The World Health Organization (WHO) has updated its interim recommendations for the use of AstraZeneca’s ChAdOx1-S [recombinant] vaccine against SARS-CoV-2 (COVID-19).
AstraZeneca COVID-19 AZD1222 – Vaxzevria, SII COVISHIELD™ are considered equivalent and interchangeable for both ChAdOx1-S [recombinant] doses.
Based on phase 3 trials, irrespective of inter-dose interval, ChAdOx1-S [recombinant] vaccine against COVID-19 has an efficacy of 72% (95% CI: 63-79%) against symptomatic SARS-CoV-2 infection.
A recent estimate of vaccine effectiveness against hospitalization with the Delta variant (B.1.617.2) was 71% (95% CI: 51-83%) after 1 dose and 92% (95% CI:75-97%) after 2 doses of ChAdOx1[recombinant] vaccine.
Vaccine effectiveness against hospitalization with the Alpha variant was 76% (95% CI: 61-85%) after 1 dose and 86% (95% CI: 53-96%) after 2 doses of ChAdOx1[recombinant] vaccine.
The vaccine is intended for use in people aged 18 years or more.
Phase 3 clinical trials demonstrated an efficacy against symptomatic COVID-19 of 85% (95% CI: 58–94%) in individuals aged 65 years or older. WHO recommends the vaccine for use in persons aged 65 years and older.
Vaccination is recommended for persons with comorbidities that have been identified as increasing the risk of severe COVID-19.
WHO recommends the use of ChAdOx1-S [recombinant] vaccine in pregnant women only if the benefits of vaccination to the pregnant woman outweigh the potential risks.
WHO does not recommend pregnancy testing prior to vaccination, and does not recommend delaying pregnancy or terminating pregnancy because of vaccination.
WHO recommends the use of ChAdOx1-S [recombinant] vaccine in breastfeeding women as in other adults, and does not recommend discontinuing breastfeeding because of vaccination.
Vaccination should be offered regardless of a person’s history of symptomatic or asymptomatic SARS-CoV-2 infection. Viral or serological testing for prior infection is not recommended for the purpose of decision-making about vaccination.
Persons with acute PCR-confirmed COVID-19, including occurrence in-between doses, should not be vaccinated until after they have recovered from acute illness and the criteria for discontinuation of isolation have been met. The optimal minimum interval between a natural infection and vaccination is not yet known.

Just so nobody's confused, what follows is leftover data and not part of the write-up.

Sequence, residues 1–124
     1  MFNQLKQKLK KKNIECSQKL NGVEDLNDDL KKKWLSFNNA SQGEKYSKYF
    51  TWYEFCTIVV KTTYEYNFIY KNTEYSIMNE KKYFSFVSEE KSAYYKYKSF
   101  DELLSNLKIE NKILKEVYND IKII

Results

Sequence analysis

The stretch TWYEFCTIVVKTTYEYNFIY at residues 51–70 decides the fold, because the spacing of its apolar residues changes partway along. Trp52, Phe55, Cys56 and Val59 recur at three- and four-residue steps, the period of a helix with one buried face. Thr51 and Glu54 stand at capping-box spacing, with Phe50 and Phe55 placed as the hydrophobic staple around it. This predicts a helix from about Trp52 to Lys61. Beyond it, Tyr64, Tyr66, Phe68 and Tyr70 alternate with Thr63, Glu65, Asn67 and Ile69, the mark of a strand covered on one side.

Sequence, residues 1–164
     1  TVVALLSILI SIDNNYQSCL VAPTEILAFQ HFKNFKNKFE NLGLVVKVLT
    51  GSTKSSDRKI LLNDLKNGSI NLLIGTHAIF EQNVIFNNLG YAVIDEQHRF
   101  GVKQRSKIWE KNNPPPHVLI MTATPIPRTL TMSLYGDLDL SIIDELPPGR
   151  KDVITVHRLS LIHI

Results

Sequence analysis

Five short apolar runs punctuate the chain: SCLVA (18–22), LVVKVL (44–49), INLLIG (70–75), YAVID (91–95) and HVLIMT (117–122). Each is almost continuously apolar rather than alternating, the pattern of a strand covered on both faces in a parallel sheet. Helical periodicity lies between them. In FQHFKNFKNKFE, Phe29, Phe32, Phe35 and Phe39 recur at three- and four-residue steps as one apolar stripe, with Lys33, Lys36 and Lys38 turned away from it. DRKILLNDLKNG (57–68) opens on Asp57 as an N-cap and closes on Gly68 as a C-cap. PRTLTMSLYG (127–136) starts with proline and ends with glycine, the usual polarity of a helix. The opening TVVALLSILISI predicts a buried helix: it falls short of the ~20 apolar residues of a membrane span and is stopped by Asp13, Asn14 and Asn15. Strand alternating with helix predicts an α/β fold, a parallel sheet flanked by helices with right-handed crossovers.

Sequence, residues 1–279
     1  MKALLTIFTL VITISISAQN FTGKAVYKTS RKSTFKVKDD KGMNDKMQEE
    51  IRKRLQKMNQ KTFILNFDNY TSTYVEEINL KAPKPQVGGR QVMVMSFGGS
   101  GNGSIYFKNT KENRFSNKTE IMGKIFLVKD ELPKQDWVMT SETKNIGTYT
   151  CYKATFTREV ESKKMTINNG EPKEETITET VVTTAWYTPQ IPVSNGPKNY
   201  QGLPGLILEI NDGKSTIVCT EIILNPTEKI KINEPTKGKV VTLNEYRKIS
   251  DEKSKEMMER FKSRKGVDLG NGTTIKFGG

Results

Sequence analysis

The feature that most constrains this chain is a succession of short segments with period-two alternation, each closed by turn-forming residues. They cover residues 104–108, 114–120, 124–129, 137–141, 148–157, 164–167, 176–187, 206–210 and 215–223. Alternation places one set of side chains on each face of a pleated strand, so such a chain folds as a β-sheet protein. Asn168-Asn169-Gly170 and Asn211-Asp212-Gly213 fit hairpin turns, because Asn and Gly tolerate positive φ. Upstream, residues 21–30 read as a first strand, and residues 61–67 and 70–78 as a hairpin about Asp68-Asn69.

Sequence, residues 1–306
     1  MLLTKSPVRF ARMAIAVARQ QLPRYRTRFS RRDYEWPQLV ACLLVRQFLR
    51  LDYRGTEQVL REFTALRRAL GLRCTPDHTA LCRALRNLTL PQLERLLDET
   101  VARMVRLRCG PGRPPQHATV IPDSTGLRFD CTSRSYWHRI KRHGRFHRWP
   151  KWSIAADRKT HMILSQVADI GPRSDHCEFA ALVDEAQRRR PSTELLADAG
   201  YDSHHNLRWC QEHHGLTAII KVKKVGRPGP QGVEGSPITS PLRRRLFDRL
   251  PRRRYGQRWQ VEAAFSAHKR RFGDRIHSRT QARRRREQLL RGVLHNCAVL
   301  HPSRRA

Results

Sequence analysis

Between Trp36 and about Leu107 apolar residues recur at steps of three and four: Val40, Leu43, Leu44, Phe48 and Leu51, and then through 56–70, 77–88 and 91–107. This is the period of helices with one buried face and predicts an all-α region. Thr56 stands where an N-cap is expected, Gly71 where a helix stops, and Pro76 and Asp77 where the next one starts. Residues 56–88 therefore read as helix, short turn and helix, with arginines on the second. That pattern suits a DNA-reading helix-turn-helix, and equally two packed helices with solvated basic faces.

The recommended schedule is two doses of 0.5 ml each administered intramuscularly into the deltoid muscle. While the manufacturer recommends administering with an interval of 4 to 12 weeks between the first and second doses, WHO recommends an interval of 8 to 12 weeks between the two doses.
If the second dose is inadvertently administered less than 4 weeks after the first, the dose does not need to be repeated.
If administration of the second dose is inadvertently delayed beyond 12 weeks, it should be given at the earliest possible opportunity.
Phase 3 clinical trial data show efficacy against symptomatic COVID-19 starts from 22 days after the first dose and thereafter is about 76% (95% CI: 59–86%) between days 22 and 90, prior to the administration of a second dose. Although binding antibody levels wane slightly by day 362, it is unlikely to be clinically significant.
After administration of the second dose, both vaccine efficacy and antibody titres are higher in individuals who had longer intervals between doses, comparing 8-12 weeks with < 6 weeks.
In vaccinees with the longer between-dose interval (≥12 weeks), efficacy at >14 days after the second dose was 81% (95% CI 60–91%), compared to 55% (95% CI: 33-70%) in those with an interval of <6 weeks.